Elderly Homeless Rates Jump In New York City; Nearly 500 Of Today’s Residents Are Over 65 | New York , New York | New York Daily News
The number of elderly homeless people in New York City shelters has shot up 55% in the last 10 years, a hidden and growing population among the city’s most vulnerable adults.
A Daily News review of homeless statistics found that as of December, there were 2,234 single adults over 55 in the shelter system, compared to 1,437 in 2002.
In the last two years alone, there was a 28% jump. Nearly 500 of today’s residents are over 65, coping with the premature ravages of aging along with no permanent roof overhead.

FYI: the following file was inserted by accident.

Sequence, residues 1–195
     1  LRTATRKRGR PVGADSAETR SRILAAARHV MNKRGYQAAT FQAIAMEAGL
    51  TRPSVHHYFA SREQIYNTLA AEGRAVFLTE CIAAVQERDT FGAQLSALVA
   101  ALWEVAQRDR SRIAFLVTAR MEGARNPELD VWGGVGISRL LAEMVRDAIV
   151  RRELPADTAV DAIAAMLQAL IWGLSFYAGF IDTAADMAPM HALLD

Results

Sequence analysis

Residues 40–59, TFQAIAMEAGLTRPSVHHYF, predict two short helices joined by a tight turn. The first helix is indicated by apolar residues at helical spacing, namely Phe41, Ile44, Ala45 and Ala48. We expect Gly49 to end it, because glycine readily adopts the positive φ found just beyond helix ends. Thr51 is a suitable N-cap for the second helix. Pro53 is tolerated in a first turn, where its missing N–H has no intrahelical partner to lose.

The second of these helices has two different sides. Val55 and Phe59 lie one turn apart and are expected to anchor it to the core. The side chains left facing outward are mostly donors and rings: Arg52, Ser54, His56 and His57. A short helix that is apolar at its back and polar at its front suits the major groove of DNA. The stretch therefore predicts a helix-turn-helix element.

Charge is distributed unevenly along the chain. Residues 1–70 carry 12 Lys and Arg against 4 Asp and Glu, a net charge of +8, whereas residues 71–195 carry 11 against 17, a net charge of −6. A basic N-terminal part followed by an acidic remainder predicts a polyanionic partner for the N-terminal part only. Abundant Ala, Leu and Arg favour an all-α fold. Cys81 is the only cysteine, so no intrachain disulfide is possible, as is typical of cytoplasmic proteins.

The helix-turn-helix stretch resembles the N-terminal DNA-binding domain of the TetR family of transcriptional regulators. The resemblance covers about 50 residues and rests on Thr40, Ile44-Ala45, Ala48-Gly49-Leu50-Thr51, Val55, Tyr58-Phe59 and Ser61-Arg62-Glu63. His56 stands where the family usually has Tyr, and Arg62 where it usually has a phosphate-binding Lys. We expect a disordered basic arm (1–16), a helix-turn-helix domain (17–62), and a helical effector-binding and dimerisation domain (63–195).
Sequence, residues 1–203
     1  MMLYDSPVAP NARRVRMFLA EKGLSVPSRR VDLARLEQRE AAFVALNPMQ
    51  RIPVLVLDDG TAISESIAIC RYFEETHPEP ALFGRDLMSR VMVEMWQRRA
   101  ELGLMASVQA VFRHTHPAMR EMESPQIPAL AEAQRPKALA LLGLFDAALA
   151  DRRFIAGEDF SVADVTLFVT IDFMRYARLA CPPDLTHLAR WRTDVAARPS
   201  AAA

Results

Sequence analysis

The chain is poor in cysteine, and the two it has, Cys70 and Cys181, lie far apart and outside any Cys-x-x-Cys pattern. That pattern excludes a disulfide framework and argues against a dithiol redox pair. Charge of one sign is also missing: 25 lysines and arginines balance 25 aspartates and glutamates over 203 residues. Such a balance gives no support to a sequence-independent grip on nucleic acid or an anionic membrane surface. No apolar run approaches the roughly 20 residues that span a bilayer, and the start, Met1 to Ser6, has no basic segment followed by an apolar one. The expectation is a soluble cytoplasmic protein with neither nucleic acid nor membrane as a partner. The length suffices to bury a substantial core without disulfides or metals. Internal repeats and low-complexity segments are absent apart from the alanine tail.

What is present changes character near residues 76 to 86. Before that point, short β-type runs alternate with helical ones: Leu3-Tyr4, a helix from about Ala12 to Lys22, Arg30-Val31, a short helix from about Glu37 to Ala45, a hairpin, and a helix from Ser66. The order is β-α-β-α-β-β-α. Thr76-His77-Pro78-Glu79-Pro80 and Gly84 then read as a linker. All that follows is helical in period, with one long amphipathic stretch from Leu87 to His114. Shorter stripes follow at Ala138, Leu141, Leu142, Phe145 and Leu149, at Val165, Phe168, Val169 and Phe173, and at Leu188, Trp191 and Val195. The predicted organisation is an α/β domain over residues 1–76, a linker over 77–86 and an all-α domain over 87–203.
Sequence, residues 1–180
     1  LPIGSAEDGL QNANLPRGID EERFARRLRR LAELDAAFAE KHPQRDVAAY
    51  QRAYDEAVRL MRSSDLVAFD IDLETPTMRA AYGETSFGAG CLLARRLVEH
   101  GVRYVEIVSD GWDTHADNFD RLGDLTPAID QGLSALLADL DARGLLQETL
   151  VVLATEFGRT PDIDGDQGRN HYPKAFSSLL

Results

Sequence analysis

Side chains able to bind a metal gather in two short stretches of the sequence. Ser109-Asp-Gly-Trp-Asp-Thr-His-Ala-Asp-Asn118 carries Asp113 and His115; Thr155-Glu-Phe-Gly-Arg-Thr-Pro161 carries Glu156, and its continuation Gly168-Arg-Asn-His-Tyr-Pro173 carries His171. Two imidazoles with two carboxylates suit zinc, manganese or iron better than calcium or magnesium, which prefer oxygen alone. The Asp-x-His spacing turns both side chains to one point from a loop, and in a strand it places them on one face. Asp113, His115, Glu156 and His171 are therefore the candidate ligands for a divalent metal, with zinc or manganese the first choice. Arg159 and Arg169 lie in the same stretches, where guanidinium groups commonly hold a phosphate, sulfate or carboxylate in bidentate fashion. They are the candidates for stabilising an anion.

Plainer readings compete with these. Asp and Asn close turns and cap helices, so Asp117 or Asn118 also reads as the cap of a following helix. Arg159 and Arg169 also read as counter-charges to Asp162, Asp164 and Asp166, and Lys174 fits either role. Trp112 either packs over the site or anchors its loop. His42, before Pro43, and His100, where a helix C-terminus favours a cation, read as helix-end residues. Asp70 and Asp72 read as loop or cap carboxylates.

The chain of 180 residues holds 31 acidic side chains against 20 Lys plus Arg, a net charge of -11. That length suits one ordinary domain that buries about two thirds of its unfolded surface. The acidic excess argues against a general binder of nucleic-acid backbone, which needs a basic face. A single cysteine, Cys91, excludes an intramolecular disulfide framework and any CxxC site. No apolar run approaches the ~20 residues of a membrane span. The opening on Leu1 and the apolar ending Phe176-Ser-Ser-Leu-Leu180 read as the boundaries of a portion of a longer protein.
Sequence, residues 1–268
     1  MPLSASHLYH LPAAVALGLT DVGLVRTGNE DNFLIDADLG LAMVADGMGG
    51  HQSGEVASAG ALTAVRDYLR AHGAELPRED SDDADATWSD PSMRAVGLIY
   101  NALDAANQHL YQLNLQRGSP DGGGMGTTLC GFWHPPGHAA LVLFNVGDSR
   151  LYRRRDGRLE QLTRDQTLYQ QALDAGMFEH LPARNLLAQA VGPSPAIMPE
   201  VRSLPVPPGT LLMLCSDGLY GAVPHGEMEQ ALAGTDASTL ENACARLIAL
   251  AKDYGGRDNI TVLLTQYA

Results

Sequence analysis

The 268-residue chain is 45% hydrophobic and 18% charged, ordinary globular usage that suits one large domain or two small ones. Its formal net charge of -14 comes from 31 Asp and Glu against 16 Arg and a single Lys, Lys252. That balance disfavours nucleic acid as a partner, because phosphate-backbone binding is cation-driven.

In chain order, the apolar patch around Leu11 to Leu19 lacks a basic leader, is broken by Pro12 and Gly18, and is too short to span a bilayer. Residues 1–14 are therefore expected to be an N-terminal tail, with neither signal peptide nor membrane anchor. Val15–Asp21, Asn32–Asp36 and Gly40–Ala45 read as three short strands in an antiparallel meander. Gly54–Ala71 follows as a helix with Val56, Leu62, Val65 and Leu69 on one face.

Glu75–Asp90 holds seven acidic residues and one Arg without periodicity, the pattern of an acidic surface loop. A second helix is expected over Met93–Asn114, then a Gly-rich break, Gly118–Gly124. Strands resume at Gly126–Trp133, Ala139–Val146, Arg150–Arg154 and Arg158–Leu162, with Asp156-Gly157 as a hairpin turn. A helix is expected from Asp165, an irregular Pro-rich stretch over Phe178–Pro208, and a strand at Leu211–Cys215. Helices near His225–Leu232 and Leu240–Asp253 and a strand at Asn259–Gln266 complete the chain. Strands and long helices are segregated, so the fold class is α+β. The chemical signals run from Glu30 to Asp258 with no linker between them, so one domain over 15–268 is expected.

Those who work with the homeless say it is a troubling trend exacerbated by economic hard times.
Nearly one-third of homeless adults in the U.S. today are over 50, compared to 11% in the 1990s, according to national studies.
Karen Jorgenson, who has run the only shelter in the city for older New Yorkers since 1988, said today’s elderly homeless are different than what the city experienced in the late 1980s, when the predominant group of women had severe mental illness, and the men were largely alcoholics and drug addicts.
“As time has gone on, there have been more and more economic homeless,” said Jorgensen, director of Valley Lodge shelter in Morningside Heights. “They are people who did the right thing, but they didn’t have a pension plan or a nest egg when they retired, and their rent started to equal their income.”